As I think I mentioned in my first post upon arriving in Africa, the smell was the first thing that hit me.  That first night it was a general spicy, smokiness in the air that caught my attention.  It was just so clearly NOT Salem, Oregon or Amsterdam or anywhere else for that matter.  It was a tiny intimation of what was to come. There were many treats in store for my olfactory sense in the eleven days that followed.

Some were sweet:  The delicate smell of some hidden flower as we drove through the vegetation; the clean, fresh smell of the air right before and after it rained; the smell of all of the wonderful juices we had at our meals (speaking of which see the next post: Taste, Part II).

Some were pungent:  The smell of the hippo wallow on our very first day on the road.

Some were almost stomach turning:  The smell of many vehicles belching out great, black clouds of diesally smoke in Arusha; the smell of the Sterno under the jillion chafing dishes from which we selected our breakfast items.

Some were unsettling:  The smell of animal carcasses in the heat as the vultures and storks did their clean up work.

Some were smokey:  The strong smell of smoke inside the claustrophobic  huts at the Masai boma; the faint, sweet smell of smoke from our own campfires; the diffuse, pervasive, but not unpleasant, smell of smoke as we drove into Arusha.

Some were human:  The smell of unwashed bodies and clothes . . . easy to react with mild revulsion, right up to the point that you realized it was yourself (or loved one) you were smelling; the sunshiney smell of freshly laundered clothes on someone as he passed by!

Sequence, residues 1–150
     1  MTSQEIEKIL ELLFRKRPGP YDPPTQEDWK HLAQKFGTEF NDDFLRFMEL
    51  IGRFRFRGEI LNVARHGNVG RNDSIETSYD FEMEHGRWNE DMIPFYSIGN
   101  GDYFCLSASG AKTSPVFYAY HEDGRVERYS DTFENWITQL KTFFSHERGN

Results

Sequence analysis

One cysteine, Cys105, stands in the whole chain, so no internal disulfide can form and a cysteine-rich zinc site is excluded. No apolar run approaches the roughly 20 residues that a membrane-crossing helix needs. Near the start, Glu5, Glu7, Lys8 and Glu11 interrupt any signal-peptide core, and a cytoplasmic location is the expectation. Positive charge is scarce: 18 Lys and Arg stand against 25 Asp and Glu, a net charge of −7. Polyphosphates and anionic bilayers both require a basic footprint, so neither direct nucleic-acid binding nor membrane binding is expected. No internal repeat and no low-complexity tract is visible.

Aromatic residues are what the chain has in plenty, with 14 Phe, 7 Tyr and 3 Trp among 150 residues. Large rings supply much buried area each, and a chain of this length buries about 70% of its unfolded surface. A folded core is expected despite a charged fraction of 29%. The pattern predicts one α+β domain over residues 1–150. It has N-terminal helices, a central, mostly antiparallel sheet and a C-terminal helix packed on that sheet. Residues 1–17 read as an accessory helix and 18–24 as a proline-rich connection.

Some were delectable:  The smell of the fabulous Tanzanian coffee that we had on most mornings; the smell of a basket of toast made from freshly baked bread at our camp in Ndutu.

Some were herbal:  The green smell of vegetation when we drove off road in Ndutu and crushed some shruby plant; the astringent smell of juniper in the gin and tonics that I had each evening; the smell of the lemongrass tea that welcomed our arrival at one of our lodges.

Some were dry:  The smell of the dust on the road diversion on the way from Tarangire to Arusha.

But for all of their divergent qualities, the one thing that all of these smells have in common is their ability to make an impression on one’s mind.  I think I read somewhere and sometime that the sense of smell forms our most long lasting, most evocative memories.

I think that must be true because how else can I account for the fact that I just have to think of a great aunt and uncle’s home in Washington to have the smell of cedar smack me in the face?  Or, when thinking about the china cupboard at our family cabin in the Sierra Nevada to be overcome by the deliciousness of its smell and the wonderfulness of my grandmother and grandfather?

And, now, I have another entire panoply of smells to trigger wonderful memories of Tanzania and the incredible people and things I encountered.

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